Friday, April 30, 2010
I am beginning to notice a disturbing pattern
There's something strange going on...
Recall that at the height of the health reform fight, after Senator Brown was elected in MA and the Democrats looked like they were on the verge of total failure. It looked like Obama's signature domestic policy achievement would indeed be his Waterloo... and then, Anthem Blue Cross raised rates by 40%.
On the verge of the financial reform fight, Goldman Sachs was sued by the FEC and grilled mercilessly by a bipartisan Senate committee for it's shenanigans of knowingly selling "sh$%ty" securities to customers and profiting from their failure.
The next big fight is immigration reform, and Arizona passes a draconian law essentially legalizing racial profiling of its Hispanic population - soon to be a majority. (It also revealed the Tea Party to be hypocrites when it comes to big government and Constitutional fidelity).
And of course, with the climate bill coming down the line, we have a gargantuan oil spill in the Gulf of mexico that is shaping up to be the worst environmental disaster since the Exxon Valdez.
Let's even throw in the observation that President Obama is about to select a new justice for the Supreme Court - mere months after the universally reviled Citizens United case opened the floodgates to infinite corporate money over our elections.
Notice any pattern?
If I were Glenn Beck, these dots would now duly be connected by a conspiracy theory line of outlandish proportion. But I think that it's really more likely that the convergence of reality with policy and reform is a "happy" coincidence - though of course these disasters all have real tragic consequences for ordinary people caught in the middle of them. It would be better if these tragic events could have been prevented, but by occurring, they demonstrate the lack of any preventative mechanism. And thus make the case for the reforms in President Obama's domestic agenda far more forcefully than any speech or campaign ad.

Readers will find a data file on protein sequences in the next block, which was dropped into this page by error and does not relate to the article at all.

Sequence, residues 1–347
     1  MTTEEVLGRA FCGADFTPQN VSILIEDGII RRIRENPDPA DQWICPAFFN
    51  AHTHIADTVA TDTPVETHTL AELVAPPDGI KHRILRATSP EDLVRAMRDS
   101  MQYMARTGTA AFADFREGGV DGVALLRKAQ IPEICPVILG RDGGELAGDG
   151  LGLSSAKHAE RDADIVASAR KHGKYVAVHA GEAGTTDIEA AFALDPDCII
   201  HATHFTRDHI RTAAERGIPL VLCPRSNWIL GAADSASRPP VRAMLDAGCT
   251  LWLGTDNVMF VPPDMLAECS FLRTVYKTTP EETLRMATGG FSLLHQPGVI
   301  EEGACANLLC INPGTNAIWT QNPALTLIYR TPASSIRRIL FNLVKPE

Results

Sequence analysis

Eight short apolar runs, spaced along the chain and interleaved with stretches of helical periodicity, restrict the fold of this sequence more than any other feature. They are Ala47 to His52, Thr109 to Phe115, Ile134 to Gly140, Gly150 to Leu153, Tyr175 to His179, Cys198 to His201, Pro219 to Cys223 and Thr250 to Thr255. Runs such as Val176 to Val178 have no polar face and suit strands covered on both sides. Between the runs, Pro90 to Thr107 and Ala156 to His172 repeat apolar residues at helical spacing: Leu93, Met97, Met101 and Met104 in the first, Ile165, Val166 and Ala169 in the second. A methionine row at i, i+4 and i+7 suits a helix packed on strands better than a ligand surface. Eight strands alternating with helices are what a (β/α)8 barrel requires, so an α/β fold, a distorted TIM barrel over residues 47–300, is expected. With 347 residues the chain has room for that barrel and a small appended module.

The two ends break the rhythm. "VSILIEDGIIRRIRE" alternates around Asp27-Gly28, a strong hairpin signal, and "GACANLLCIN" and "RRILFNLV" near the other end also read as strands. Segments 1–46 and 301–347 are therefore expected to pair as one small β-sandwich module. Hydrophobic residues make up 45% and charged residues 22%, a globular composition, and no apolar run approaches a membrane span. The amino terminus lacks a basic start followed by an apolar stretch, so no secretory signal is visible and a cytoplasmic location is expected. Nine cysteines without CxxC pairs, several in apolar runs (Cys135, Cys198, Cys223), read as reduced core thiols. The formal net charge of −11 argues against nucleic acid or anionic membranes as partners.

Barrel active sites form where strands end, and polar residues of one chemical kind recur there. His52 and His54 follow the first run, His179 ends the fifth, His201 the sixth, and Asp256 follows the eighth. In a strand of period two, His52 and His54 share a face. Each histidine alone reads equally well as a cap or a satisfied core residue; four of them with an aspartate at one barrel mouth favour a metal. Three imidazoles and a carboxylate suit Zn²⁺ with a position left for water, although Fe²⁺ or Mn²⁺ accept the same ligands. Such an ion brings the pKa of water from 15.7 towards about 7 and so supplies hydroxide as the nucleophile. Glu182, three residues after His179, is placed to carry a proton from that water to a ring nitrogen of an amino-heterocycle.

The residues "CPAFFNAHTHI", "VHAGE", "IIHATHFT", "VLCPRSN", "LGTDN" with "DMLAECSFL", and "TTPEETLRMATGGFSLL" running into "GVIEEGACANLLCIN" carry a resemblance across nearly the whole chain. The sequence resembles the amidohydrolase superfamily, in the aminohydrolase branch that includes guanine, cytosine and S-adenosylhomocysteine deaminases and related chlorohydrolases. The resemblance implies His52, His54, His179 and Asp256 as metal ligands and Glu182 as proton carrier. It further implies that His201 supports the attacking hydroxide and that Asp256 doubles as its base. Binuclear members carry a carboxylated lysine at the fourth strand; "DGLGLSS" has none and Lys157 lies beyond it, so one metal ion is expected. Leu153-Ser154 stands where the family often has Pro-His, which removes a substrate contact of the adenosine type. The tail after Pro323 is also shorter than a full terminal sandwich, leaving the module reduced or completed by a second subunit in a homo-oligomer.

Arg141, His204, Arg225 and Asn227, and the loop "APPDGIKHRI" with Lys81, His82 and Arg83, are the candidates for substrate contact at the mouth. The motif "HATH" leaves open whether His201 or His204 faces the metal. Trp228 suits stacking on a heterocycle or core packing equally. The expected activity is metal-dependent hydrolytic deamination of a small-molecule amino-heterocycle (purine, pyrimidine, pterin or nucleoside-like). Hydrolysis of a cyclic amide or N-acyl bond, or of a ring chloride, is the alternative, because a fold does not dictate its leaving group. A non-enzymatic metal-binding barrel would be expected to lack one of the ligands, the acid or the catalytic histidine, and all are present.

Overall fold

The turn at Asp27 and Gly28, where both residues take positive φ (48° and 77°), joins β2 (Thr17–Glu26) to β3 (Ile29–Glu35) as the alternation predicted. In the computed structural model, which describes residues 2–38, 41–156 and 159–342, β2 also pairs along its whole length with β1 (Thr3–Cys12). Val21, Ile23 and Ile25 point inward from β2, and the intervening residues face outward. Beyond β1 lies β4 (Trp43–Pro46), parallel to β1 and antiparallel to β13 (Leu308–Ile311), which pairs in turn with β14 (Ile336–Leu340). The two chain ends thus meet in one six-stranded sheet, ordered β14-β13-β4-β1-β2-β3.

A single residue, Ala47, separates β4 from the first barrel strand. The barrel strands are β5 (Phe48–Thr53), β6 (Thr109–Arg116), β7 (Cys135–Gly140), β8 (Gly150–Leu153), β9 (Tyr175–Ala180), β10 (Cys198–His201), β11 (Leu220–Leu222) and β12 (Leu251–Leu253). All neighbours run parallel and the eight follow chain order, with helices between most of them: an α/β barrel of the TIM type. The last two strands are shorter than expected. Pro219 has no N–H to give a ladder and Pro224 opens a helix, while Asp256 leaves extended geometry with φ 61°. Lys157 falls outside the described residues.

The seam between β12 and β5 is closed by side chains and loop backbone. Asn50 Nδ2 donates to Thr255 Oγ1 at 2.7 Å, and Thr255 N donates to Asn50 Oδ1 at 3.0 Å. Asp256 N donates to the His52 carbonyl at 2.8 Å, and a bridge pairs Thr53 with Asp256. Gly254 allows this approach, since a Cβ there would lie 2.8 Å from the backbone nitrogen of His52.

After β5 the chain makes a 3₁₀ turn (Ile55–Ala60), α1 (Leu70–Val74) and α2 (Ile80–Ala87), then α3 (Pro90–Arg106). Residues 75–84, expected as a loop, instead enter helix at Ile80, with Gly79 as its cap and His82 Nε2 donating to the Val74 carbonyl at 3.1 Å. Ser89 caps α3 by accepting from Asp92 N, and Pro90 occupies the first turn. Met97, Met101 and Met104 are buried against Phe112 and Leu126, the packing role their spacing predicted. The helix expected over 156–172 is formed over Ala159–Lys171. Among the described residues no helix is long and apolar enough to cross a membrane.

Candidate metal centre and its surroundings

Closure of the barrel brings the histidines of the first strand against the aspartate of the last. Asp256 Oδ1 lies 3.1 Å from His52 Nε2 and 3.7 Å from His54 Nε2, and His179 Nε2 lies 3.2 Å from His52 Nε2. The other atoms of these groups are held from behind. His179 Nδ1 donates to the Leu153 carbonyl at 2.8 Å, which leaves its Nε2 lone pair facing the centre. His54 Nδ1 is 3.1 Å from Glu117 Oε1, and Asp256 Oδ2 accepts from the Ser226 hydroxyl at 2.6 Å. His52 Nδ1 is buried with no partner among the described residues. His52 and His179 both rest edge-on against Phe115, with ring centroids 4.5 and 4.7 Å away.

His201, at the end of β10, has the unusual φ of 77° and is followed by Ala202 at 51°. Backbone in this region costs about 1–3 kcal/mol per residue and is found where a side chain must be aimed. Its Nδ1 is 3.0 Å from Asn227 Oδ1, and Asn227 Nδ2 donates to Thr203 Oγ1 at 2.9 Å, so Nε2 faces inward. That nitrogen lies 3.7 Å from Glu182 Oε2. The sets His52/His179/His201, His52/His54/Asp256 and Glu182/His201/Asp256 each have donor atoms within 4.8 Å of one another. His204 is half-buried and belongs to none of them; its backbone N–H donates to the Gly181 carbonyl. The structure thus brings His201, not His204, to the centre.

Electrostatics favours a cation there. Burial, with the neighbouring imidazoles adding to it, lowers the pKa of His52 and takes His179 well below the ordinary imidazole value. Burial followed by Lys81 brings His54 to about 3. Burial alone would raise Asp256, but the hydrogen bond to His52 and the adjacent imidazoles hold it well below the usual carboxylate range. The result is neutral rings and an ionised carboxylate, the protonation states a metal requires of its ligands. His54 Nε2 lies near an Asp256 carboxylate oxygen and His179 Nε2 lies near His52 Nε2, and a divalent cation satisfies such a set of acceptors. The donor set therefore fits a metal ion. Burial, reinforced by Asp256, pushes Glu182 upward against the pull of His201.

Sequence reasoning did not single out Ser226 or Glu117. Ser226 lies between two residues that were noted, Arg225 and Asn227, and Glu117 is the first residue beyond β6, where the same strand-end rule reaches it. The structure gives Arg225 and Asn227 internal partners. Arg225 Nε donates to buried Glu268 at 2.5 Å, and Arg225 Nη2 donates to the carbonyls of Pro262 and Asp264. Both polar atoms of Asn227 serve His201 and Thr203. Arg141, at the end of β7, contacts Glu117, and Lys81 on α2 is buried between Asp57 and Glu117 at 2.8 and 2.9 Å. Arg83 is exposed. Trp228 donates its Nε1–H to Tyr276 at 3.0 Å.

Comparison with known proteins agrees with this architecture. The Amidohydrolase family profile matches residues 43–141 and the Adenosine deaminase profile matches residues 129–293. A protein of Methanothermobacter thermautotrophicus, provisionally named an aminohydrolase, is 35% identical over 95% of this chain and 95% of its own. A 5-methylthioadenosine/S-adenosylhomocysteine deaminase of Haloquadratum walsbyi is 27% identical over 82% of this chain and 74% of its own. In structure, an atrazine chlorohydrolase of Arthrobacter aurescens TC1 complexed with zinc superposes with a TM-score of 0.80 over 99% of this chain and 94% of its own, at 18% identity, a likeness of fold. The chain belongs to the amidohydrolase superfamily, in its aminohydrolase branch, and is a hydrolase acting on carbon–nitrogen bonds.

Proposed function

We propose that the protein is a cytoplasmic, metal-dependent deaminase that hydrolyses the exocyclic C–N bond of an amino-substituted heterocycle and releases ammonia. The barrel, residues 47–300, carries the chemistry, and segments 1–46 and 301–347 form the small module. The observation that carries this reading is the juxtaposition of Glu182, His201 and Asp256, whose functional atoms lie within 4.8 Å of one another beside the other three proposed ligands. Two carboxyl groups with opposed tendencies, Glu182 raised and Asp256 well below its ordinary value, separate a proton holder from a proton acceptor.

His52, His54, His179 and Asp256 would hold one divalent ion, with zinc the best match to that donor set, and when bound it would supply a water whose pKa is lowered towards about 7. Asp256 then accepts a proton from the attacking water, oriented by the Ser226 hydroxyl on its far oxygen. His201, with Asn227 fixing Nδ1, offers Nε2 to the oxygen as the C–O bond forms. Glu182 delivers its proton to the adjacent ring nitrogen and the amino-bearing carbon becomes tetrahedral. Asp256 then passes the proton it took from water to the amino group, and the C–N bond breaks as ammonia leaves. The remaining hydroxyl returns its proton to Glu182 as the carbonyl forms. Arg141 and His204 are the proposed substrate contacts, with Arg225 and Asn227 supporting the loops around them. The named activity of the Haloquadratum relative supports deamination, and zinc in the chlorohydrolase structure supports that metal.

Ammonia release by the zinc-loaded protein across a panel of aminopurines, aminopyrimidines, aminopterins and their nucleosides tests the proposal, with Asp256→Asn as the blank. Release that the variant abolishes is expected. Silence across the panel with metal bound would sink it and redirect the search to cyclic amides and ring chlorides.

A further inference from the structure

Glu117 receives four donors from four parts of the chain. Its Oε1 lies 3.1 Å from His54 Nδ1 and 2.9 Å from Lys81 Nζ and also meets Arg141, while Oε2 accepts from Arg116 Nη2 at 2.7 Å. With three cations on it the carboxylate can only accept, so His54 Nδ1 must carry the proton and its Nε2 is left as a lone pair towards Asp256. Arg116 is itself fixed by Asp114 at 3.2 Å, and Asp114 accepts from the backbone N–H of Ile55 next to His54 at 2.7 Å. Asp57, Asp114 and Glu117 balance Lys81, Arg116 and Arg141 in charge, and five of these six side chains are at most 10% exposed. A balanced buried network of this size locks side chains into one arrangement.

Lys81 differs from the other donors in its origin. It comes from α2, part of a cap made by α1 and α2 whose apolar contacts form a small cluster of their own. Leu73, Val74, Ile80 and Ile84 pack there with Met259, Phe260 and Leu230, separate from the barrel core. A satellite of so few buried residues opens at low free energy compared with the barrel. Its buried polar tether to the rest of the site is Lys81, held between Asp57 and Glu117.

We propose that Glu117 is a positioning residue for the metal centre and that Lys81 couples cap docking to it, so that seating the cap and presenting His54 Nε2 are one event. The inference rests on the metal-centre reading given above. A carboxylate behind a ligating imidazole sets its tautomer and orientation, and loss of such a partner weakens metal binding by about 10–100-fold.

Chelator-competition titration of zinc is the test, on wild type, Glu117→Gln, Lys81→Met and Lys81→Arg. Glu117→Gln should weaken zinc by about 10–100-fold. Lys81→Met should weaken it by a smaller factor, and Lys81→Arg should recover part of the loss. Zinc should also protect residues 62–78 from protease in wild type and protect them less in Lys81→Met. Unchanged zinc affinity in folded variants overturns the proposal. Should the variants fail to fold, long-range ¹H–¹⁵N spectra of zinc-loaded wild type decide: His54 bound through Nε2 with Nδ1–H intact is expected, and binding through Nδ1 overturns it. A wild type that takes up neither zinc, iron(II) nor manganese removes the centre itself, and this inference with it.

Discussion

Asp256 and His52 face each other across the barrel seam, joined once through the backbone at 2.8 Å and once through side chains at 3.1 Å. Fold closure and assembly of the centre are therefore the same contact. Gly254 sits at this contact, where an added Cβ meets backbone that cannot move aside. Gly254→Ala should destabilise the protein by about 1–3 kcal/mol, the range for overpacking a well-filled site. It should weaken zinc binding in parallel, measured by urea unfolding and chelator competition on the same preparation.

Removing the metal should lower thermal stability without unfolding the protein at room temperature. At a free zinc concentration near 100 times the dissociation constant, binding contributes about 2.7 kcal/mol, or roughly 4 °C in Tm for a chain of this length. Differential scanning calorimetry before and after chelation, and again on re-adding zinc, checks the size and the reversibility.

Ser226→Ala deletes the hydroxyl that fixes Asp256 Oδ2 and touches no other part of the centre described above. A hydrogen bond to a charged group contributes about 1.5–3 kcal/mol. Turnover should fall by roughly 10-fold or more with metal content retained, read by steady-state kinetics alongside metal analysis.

Let's just hope that the pattern doesn't hold when it's time to ratify the new START treaty.
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Obama 2008 - I want my country back
Nation-Building was founded by Aziz Poonawalla in August 2002 under the name Dean Nation. Dean Nation was the very first weblog devoted to a presidential candidate, Howard Dean, and became the vanguard of the Dean netroot phenomenon, raising over $40,000 for the Dean campaign, pioneering the use of Meetup, and enjoying the attention of the campaign itself, with Joe Trippi a regular reader (and sometime commentor). Howard Dean himself even left a comment once. Dean Nation was a group weblog effort and counts among its alumni many of the progressive blogsphere's leading talent including Jerome Armstrong, Matthew Yglesias, and Ezra Klein. After the election in 2004, the blog refocused onto the theme of "purple politics", formally changing its name to Nation-Building in June 2006. The primary focus of the blog is on articulating purple-state policy at home and pragmatic liberal interventionism abroad.